I know that you’re embroiled in tax season right now, and the last thing you think you have time to contemplate is life after tax season.
But as the cliche saying goes, failing to plan is planning to fail.
If you’re not planning out what your post-season is going to look like, then tax season is going to suddenly end and you’ll be left wondering, “What now?” Sure, you have some returns on extension that you’ll be taking care of, but what about the rest of your time?
If your business model circles entirely around tax season revenue, then great: You get the rest of the year off. But if you’re operating a year-round practice (or trying to…) then you need to be thinking about your summer business plans NOW.
Here are some things to consider when it comes to your post tax season planning:
- What services will you offer the rest of the year?
- Will you focus on servicing individuals or businesses?
- Will you be working full time or part time?
- What marketing will you be doing to arrive at your off-season revenue goals?
- What marketing will you do to your existing tax prep clients to cross-sell other services to them?
- What marketing will you do off-season to generate tax prep clients for next season?
No matter what you choose to do during the off-season, you need to start planning for it now. April 15th is rapidly approaching, and you cannot just keep your head down for the rest of tax season and not plan for what happens after. Taking this approach is simply a poor business practice.
For practitioners that focus on working with individuals, and live heavily in the 1040 world, I’m a firm believer in what I call the “3-season tax practice”. This basically breaks the year into three distinct tax seasons: Prep, resolution, and planning. If this is how you operate, or want to operate, then NOW is the time to start getting ready for “resolution season”, and starting to get new tax resolution marketing campaigns ramped up.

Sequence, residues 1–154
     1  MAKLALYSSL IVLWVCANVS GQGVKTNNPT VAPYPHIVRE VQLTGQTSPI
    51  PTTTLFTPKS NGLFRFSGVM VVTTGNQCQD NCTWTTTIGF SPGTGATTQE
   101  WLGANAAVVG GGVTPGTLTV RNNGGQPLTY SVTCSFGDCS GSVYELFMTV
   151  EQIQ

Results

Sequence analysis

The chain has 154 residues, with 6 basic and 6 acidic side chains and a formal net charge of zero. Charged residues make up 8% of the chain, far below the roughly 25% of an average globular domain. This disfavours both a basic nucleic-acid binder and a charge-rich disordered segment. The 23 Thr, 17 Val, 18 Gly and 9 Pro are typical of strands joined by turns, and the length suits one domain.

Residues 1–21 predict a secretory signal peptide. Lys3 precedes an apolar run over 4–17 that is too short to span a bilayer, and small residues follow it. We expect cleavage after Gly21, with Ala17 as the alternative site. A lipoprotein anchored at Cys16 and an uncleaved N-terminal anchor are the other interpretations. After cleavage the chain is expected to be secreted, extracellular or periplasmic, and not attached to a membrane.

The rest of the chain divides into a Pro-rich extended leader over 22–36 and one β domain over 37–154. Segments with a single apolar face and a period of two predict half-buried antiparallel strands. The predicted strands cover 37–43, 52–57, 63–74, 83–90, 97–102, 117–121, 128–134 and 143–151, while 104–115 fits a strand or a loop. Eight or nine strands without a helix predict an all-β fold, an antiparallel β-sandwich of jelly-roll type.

For practitioners that have a significant business focus in their practices, things are slightly more complicated. If you have monthly and quarterly service clients, then you are constantly in both marketing and service mode. If you happen to shift focus to the 1040 market for tax season, then you need to be planning on how to get back on track with your primary business objectives. I will also add that if you are primarily a business service provider, then there is something wrong with your business if you have to jump into the 1040 prep game every season if you’re doing it just for the extra revenue.
No matter what the focus of your tax business, if you’re in business year-round, the hustle and bustle of tax season is somewhat of an interruption of your normal mode of operation. Just as you have to prepare for tax season, you need to prepare for the end of tax season, and put into place a plan that allows you to seamlessly transition back to “normalcy”.
Beyond anything else, I encourage you to heavily consider your off-season objectives and put a plan in place to accomplish them.
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